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21 Days of Musica Latina: Bolivia

Luzmila Carpio
Courtesy of the artist
Luzmila Carpio

Editor's Note: To commemorate Hispanic Heritage Month this year, World Cafe is going on a musical tour of Latin America. Every weekday from Sept. 15 to Oct. 15, we'll spotlight the music of a different Latin American country with a curated playlist of essential tracks, fresh voices and wild cards.

Perhaps more than any other country we'll spotlight during these 21 Days of Musica Latina, contemporary Bolivian music is still closely tied to Indigenous rhythms and traditions.

That influence is on full display in the work of bands like Los Kjarkas, who use Andean folk instruments like the charango and ronroco. The folk group has even established two schools in South America to pass on Andean folk music.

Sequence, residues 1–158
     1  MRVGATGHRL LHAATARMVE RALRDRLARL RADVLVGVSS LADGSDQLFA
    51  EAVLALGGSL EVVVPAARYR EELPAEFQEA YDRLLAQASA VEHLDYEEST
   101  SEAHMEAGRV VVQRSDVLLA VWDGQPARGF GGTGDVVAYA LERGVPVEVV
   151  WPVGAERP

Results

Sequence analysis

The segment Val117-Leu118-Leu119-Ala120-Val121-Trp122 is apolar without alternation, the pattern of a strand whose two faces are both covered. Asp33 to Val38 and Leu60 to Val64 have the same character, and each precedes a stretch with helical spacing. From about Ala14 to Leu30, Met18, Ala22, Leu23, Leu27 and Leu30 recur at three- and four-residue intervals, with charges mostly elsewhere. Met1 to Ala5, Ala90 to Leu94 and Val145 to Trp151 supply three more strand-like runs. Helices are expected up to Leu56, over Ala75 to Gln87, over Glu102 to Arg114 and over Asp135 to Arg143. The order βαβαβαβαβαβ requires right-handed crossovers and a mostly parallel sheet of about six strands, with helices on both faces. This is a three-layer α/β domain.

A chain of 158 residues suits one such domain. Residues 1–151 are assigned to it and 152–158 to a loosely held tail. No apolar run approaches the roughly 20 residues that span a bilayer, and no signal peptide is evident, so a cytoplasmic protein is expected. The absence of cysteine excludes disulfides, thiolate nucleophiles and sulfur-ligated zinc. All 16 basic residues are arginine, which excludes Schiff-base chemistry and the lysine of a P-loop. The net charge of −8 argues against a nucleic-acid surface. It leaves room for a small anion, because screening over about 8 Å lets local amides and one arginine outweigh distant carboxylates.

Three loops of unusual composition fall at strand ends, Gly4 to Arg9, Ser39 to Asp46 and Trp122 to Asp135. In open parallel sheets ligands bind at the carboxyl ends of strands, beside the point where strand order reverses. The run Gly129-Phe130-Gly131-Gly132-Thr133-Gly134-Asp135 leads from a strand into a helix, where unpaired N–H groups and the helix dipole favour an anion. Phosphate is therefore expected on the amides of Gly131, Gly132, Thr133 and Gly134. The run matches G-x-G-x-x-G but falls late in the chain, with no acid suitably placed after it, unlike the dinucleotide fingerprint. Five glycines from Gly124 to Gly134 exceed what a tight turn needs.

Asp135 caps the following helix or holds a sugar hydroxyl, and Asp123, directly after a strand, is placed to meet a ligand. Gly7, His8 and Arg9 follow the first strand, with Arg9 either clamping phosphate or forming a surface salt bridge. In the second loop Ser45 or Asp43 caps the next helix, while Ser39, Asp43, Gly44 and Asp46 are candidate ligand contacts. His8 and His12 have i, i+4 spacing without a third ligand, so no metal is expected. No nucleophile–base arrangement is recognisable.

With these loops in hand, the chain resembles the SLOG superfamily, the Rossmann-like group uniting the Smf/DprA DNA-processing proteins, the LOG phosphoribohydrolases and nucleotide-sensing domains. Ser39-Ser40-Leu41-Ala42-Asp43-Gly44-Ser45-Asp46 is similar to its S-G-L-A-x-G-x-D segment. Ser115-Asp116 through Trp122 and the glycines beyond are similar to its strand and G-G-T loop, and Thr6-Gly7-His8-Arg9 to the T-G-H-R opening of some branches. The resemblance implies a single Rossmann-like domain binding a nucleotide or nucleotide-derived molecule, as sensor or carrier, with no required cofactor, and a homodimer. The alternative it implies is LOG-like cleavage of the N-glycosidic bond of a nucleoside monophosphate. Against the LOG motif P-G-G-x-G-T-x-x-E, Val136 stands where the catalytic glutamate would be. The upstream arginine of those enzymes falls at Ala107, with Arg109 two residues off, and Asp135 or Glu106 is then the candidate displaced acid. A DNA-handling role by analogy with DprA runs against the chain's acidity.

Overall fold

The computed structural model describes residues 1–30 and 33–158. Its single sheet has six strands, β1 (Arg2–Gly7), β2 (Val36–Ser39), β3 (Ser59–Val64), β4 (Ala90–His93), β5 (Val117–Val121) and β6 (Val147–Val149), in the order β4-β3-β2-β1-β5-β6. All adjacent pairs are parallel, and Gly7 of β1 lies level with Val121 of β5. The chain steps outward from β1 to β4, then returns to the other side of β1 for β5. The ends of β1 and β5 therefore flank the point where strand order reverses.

This mix also includes a fascinating reinterpretation of Indigenous singer Luzmila Carpio's music called Luzmila Carpio Remixed. Sung in Aymara and Quechua, her folk songs are transformed by a modern electronic music filter. Carpio just released a new record called Inti Watana: El Retorno del Sol. There's also Elysia Crampton, whose music similarly explores her Andean heritage through a blend of avant-garde takes on huayno, cumbia and a mix of electronic subgenres.

The indie pop group Blssom is a fresh find for us. The duo, made up of Bolivian-American singer-songwriter Patricia Cornejo and Colombian producer Carlos Marín, are gearing up to release their sophomore album.

Enjoy, and make sure you come back tomorrow to find out where World Cafe's headed next.

Copyright 2023 XPN

Miguel Perez
Miguel Perez is a radio producer for NPR's World Cafe, based out of WXPN in Philadelphia. Before that, he covered arts, music and culture for KERA in Dallas. He reported on everything from the rise of NFTs in the music industry to the enduring significance of gay and lesbian bars to the LGBTQ community in North Texas.